The discrepancy in the number of women in contractually limited positions seems to arise amongst those who do not hold a PhD at the time of appointment (Table V).  It would appear, from the nature of the data, that most of these individuals are not in the final stages of obtaining one.  Among the women, 2 were appointed as assistant professors, and 13 as lecturers.  Among the men, there were 3 assistant professors and 5 lecturers.  All 5 assistant professors in this category represent very short term appointments, in that they either were not reappointed at the end of their contract, or were hired in the final year studied.
The discrepancy, then, comes down to those without PhDs hired as lecturers (outside the Faculty of Health Sciences):  13 women and 5 men.  By Faculty, there are 5 women and 3 men in Business; 2 women and 1 man in each of Humanities and Social Science; and 4 women and no men in Science.  One of the women in Science subsequently received a term appointment at the assistant professor level, after she received her PhD.  Among the other 17 individuals, the highest degree shown on their employment records were Master's degrees (14) or Bachelor's degrees (3).  It is not obvious why there is a disproportionate representation of women in this category of employment.  As well, it is not obvious that this represents negative employment practices, nor that it should require any action to change these numbers.
This investigation does point out, however, that in looking at future hiring statistics, it will be important to distinguish between those holding PhDs and those holding only a Master's degree.  This factor would seem to explain most of the 67% for women hired on contract in Business (mentioned above in the discussion of Table IV), in that 5 of the 8 women had only a Master's degree (as did 3 of the 4 males hired on contractually limited positions).  Nonetheless there remains some discrepancy, in that 3 women with PhDs were hired on contract, while only 1 man was.  The fact that all 4 were subsequently converted to term appointments only serves to emphasize the discrepancy in the original hiring.
Faculty members who hold regular part-time appointments (12 women, 7 men) are not concentrated in any particular Faculty, but tend to be in junior ranks (1 woman associate professor and 2 men full professors are the exceptions).  This number may increase if policies on part-time tenure status and job-sharing are more fully implemented.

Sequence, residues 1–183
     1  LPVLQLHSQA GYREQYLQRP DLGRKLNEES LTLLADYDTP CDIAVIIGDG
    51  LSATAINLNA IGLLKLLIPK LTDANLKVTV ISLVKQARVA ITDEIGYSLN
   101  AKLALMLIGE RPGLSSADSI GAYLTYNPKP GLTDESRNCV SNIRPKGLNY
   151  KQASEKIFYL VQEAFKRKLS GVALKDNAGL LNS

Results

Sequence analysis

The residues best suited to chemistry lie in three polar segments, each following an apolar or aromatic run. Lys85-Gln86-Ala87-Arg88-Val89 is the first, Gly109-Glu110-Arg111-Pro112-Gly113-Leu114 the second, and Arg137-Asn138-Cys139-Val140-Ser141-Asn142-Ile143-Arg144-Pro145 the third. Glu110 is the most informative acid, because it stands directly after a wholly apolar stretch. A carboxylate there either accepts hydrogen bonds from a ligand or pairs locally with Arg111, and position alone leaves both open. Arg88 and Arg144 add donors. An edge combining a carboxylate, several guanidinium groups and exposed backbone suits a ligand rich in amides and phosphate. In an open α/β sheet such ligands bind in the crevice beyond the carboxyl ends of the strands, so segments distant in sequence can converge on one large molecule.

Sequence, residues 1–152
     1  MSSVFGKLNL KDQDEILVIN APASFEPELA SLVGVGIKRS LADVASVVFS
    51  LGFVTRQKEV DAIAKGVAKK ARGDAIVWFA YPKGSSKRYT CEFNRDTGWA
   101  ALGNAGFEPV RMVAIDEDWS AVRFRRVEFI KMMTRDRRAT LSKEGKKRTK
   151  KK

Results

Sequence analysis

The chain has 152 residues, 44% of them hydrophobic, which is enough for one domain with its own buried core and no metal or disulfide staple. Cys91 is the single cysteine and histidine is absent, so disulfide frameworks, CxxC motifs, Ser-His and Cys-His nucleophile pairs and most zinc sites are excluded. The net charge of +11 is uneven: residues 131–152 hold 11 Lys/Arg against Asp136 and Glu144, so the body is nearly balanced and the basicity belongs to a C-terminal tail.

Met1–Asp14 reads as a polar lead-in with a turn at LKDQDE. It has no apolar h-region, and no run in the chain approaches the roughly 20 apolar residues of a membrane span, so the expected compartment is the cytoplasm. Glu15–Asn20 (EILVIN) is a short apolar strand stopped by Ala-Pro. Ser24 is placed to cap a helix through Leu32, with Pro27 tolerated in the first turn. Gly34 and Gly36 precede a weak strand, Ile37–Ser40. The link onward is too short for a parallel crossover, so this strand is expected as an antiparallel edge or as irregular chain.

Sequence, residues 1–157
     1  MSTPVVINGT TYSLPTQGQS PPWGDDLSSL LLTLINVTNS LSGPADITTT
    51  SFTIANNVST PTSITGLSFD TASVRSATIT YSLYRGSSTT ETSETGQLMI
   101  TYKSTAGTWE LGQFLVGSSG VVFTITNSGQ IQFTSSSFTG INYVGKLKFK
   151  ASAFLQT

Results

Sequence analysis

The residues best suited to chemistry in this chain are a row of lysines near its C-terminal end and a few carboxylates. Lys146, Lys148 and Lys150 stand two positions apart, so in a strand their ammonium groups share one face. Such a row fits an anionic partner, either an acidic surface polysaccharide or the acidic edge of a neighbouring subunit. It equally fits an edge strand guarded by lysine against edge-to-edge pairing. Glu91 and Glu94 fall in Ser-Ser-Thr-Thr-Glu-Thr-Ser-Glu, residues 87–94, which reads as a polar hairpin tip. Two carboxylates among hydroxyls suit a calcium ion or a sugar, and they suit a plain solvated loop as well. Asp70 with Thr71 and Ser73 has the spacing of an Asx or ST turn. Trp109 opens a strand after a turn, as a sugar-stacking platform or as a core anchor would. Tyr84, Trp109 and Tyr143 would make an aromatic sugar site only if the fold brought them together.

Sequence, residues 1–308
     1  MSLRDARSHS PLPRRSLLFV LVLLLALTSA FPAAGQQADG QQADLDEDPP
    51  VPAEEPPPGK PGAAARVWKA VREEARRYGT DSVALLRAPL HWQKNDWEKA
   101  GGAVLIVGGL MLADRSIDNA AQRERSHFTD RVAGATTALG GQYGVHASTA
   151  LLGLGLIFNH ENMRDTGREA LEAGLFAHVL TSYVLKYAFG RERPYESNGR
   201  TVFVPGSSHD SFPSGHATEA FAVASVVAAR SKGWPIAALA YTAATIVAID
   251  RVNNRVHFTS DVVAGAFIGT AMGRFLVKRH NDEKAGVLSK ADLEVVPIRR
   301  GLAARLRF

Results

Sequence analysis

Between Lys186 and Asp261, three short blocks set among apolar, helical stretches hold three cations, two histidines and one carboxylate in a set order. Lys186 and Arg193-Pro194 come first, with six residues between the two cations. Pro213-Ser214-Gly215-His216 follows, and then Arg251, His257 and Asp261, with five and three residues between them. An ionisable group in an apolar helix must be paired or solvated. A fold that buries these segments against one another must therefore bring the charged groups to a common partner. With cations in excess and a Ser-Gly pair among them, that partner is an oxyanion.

2.2.4  Tenure
The number of women with tenure (Table VI A) and without tenure (Table VI B), and the percentage they represent of each rank in the Faculties (Table VI C) do not indicate major differences between women and men in tenured status above the Assistant Professor rank, except in Science, where the 10 male untenured Associate Professors were in all likelihood new hires.  (There is, of course, only one female Associate Professor in that Faculty.)  The gender difference in tenure status at the Assistant Professor level in both Humanities and Social Science might be partially accounted for by the length of time in rank.  The lower percentage of tenured women than men in all Faculties, and most noticeably in the Faculty of Business, is presumably related to the fact that the majority of women are in junior ranks.
Table VII provides information on the tenure status of the faculty hired in term appointments at the Assistant Professor level in the 1979/80 to 1984/5 period.  Note that this is an earlier period than was used in the previous discussion.  It was selected such that six years have already elapsed, so that the tenure decision would have been made already for almost all of these individuals.  The year 1979 was used to start the period both to provide a long enough interval to obtain useful numbers, and because September 1979 was the date of the report prepared by Dr. Tihanyi outlining salary differentials between male and female academic staff, indicating a beginning of efforts to improve recruitment conditions for women.  Because of the small numbers of women involved the percentage differences have to be interpreted with caution.  Despite this there are some noteworthy patterns.
The percentage of women receiving tenure is consistently lower than that of men.  While 68% of males hired in this period had received tenure by August 1990, only 45% of females had done so.  The differences are even more dramatic when the directly hired faculty are considered:  65% of males compared to 20% of females.  The size of the difference in percent tenured varies considerably by Faculty (when the difference can be measured).  Business tenured neither of the two women hired in this period.  This contrasts with tenure for 53% of the males (9 of 17).  A similar picture holds in Science:  neither of the two females were tenured compared to 50% of the males (6 of the 12).  Social Sciences tenured 80% (8 of 10) of the males compared to 60% (3 of 5) of the females.  No comparison is possible for Engineering or Humanities since neither hired women in this period.
Table VII also shows that females took less time to receive tenure (3.0 compared to 3.7 years), but this would appear to reflect the fact that they were more likely to be at McMaster in some position prior to their Assistant Professor term appointment.  For those directly hired into these positions there is little difference in time to tenure between males and females (4.6 compared to 4.3 years).